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  Immediate Mode Versus Vertex Array Performance Confusion  (Read 2870 times)
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Offline Vladiedoo
« Posted 2013-02-26 05:46:02 »

Hi, I'm trying to advance my OpenGL knowledge past immediate mode. From Riven's (thanks Riven) tutorial I was able to get a vertex array rendering properly but I was not able to see an increase in performance.
Here is how I tested it, if this is the wrong approach to bench-marking please inform me.

To test the performance of immediate mode and vertex arrays I drew a quad repeated, in this test it was 88573 quads. When I one big vertex array hold all 88573 quads it got close to the performance of immediate mode but not quite there.
Pastebin: (It's messy)

Here is sample console output:
(I should have labeled these). The first columns is individual vertex arrays, the second columns is immediate mode, and the third columns is one big vertex array.
67900774   13660101   15001607   n: 88573
371488407   14153266   19133484   n: 88573
116280710   13882860   14012185   n: 88573
68273896   13738066   15345957   n: 88573
71455953   15008723   12876111   n: 88573

Q1: Could someone please explain why this occurred?
Q2: Does it matter how I render (immediate, vertex array, VBO) when I decide to fully use shaders?

Sorry, these questions must have been asked a lot, thank you for your time.

EDIT: This was done in 3D if that makes a significant difference.
Offline StumpyStrust
« Reply #1 - Posted 2013-02-26 06:58:00 »

You will probably get a guy that goes by something agent  Wink that will inevitably clear all things up but I will take a whack at it.

What you are trying to do is basically render as many sprites (textured quads) as possible. When doing this with VBO and VA, it is better to batch them in groups of 1500-3000 sprites then one giant VBO/VA that holds all 88573. Also, it is better to use triangle strips to form the quads then actual quads. Little faster. It is generally not a good idea to recreate your buffers every render which can slow thins down alot.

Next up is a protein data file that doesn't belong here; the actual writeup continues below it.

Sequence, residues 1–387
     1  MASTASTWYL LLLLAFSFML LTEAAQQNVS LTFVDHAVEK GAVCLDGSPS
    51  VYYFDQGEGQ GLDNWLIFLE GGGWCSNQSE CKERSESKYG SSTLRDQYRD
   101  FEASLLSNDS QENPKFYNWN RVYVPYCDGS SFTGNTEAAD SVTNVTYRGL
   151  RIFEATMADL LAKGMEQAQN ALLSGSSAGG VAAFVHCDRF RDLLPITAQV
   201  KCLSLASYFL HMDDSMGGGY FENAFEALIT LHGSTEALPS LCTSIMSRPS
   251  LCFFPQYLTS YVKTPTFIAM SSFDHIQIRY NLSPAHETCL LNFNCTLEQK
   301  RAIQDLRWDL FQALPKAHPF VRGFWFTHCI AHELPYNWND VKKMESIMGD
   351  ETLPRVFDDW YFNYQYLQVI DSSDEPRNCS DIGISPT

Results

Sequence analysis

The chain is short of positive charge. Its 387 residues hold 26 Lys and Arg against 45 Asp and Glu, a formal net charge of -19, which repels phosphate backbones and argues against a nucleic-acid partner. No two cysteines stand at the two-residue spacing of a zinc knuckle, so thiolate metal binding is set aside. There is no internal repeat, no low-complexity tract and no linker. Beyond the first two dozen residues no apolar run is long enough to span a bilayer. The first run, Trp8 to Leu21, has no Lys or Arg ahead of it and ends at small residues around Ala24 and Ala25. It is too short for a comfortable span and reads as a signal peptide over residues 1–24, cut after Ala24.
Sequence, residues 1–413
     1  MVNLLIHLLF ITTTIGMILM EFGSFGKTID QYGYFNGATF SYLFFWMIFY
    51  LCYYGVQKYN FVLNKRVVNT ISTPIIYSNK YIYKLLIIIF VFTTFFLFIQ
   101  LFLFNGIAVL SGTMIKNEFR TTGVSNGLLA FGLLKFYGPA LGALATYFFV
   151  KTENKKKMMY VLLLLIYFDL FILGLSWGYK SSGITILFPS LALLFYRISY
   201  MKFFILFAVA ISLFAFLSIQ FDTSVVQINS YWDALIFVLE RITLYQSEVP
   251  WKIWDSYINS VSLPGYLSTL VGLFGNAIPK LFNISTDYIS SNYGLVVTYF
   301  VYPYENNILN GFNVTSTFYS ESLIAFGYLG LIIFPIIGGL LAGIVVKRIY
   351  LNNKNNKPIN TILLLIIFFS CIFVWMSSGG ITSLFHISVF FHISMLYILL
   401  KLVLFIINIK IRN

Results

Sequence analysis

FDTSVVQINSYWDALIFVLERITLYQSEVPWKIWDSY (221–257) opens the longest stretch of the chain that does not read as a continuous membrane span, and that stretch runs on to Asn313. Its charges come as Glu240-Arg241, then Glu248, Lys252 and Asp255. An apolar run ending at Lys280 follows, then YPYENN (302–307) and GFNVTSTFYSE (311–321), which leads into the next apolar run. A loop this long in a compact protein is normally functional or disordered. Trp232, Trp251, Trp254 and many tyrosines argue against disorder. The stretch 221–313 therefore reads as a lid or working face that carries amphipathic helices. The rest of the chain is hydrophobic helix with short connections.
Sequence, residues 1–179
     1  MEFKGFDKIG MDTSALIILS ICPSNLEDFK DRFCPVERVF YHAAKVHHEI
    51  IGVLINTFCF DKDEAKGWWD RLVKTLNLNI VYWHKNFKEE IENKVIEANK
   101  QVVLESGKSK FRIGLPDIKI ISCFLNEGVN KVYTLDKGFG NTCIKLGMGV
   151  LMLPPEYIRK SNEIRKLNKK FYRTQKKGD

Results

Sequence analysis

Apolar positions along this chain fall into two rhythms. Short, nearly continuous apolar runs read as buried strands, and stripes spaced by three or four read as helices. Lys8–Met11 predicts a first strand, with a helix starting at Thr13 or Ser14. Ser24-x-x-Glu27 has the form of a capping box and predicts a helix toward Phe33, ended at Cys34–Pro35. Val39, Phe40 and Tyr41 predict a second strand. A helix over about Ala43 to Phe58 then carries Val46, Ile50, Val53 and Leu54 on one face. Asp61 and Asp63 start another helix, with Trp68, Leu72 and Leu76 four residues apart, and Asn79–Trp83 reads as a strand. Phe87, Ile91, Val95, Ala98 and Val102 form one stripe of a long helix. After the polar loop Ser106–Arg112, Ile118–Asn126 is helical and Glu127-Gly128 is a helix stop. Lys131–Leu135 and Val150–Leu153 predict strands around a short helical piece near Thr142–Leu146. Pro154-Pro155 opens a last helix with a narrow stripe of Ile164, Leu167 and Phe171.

I think something must be off here as VA should vastly out perform fixed function (immediate mode). I made a sprite batcher tut on here which uses very simple VA that you could try as I know that works. Also, davedes as some great tutorials on modern opengl along with a sprite batcher tutorial which is the main thing you need for 2d games. Once you get a VBO sprite batcher going look into rivens post about a blazingly fast method for sprite batching.

As for when you use shaders, you can do it with all of them but it is better to not use depreciated methods i.e fixed-function/vertex array.

I hope this helped.

Offline princec

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« Reply #2 - Posted 2013-02-26 09:38:46 »

Microbenchmarking will never give you useful results really.

Cas Smiley

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Offline theagentd
« Reply #3 - Posted 2013-02-26 11:36:17 »

You're benchmark is flawed in so many ways that the numbers don't mean anything.

1. Microbencharking, like Cas said. Plus, OpenGL doesn't execute commands right when you call them. It queues them up and then periodically (or when the queue's full) sends them off to the GPU. That means that the command that causes the queue to become full is the one that'll take time, which will most likely not be the one that actually takes time to execute.

2. You're not using vertex arrays in a very good way, and you'd probably benefit a lot from using VBOs instead. First of all, the whole point of vertex arrays is the ability to batch up geometry data so you can render them with fewer OpenGL commands. The way you're using them now, you're barely gaining anything since you're not using less calls, hence your first vertex array method is slower than immediate mode. Your batched version is almost as fast as immediate mode but it's not very efficient. You should at least reuse the FloatBuffers between frames, not create new ones every time. If the data doesn't change between frames, just fill the FloatBuffers once and reuse the same data too. As mentioned, if you want even better performance, take a look at VBOs.

3. This is kind of hypothetical, but how big are those quads? If each quad is 100x100 pixels on the screen, one quad would cover 10 000 pixels. 88 573 quads would therefore cover 885 730 000 pixels each frame, or 53 143 800 000 pixels per second at 60 FPS, which obviously might be a bottleneck. How you send the coordinates doesn't affect how the pixels are filled, so if you hit a bottleneck there you won't see much of an improvement no matter what you do.

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